The Battle of Ball’s Bluff was a debacle. Ball’s Bluff is a steep cliff rising above the Potomac River in Loudon County, VA. The Confederates had the high ground. Baker should have called for a retreat, and was advised to do so by his subordinates. Perhaps it was being back on the battlefield after so many years, or hoping to take a decisive stand early in the war, but Baker pushed forward. It was a rout, with the Union wounded and dead clogging the Potomac. Baker, too, died, and was temporarily laid to rest at Congressional Cemetery in Washington, D.C.. Then, after some negotiations, it was decided that California would get him even though he was a senator from Oregon. (He had been a lawyer in San Francisco before moving to Oregon.) After a lengthy train ride to San Francisco, with many stops for mourners to view him along the way, he reached Lone Mountain Cemetery (later renamed Laurel Hill Cemetery) in San Francisco. This was an appropriate place as Baker had given the dedication speech for the cemetery when it opened in 1854.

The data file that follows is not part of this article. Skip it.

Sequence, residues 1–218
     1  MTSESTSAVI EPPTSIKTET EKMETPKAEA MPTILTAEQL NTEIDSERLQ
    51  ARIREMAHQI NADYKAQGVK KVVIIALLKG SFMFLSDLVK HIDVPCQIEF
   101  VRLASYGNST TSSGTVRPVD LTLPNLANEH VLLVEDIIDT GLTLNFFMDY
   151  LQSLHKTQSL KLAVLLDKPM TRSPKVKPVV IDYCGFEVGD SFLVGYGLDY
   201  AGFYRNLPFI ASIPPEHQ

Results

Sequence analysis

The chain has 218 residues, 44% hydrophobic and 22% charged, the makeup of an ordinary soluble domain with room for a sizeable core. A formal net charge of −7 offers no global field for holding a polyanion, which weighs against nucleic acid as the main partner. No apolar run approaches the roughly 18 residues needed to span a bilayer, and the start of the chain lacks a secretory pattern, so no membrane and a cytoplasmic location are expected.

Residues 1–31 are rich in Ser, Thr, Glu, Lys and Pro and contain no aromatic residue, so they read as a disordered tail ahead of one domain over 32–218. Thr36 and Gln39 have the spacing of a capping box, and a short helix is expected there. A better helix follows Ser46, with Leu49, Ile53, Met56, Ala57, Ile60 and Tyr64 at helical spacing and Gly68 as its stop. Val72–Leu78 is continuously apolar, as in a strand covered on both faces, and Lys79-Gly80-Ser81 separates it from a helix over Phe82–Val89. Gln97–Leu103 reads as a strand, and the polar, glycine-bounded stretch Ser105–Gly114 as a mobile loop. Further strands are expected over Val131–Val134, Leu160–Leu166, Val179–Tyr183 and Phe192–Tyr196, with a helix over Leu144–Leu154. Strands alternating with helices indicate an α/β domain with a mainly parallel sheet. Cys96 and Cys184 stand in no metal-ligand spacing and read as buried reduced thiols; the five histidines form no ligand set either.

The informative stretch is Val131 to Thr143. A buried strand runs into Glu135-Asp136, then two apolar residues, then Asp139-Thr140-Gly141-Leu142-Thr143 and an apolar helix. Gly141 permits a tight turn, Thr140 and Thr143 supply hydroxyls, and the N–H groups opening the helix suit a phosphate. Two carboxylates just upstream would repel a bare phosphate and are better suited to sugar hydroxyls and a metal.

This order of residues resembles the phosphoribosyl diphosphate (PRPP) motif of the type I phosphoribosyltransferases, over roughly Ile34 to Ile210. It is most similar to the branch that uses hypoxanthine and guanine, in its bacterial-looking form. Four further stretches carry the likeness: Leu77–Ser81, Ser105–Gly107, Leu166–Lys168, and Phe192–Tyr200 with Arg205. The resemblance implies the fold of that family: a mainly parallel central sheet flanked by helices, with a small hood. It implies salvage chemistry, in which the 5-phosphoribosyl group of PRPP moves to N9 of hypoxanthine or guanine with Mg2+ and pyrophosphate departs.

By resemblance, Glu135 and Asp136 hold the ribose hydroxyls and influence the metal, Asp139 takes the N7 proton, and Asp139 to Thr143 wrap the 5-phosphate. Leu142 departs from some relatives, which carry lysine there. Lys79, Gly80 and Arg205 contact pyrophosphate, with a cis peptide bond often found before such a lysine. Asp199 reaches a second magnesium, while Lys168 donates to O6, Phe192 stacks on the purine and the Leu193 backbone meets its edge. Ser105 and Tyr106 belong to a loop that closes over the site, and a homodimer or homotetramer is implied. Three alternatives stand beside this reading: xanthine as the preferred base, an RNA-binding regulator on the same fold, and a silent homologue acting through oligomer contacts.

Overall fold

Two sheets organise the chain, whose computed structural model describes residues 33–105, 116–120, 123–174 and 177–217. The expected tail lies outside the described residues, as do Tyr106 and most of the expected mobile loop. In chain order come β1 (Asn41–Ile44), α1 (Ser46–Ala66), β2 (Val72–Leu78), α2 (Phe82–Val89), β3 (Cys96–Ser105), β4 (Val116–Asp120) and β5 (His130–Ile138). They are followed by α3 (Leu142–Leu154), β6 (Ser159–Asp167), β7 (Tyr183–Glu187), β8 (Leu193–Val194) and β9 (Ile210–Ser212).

Baker Monument, Laurel Hill Cemetery. San Francisco History Center, San Francisco Public Library.

In 1940, after it was decided to close Lone Mountain/Laurel Hill, Baker was moved to the Presidio, where his grave can be found at plot site OSD 488.

Meanwhile, how is Baker remembered? There are three forts named for him – a Fort Baker can be found in Washington, D.C., Nevada, and San Francisco.  In addition, San Francisco has Baker Beach and Baker Street. Also in California, Gray Eagle Creek was named for Baker – the “gray eagle of republicanism.” In Oregon, where Baker was senator, there is Baker County, Baker City, and Edward D. Baker Day (February 24). His likeness can be found in the U.S. Capitol and the Illinois State House, where he had practiced law.

With so many possible places to haunt, is it any wonder that Baker seems to have chosen Annington, the site of his last peaceful meal?

(A special thank you to Lorna Kirwan at the Bancroft Library at UC Berkeley who actually located the image for me.)

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Filed under Civil War, Poolesville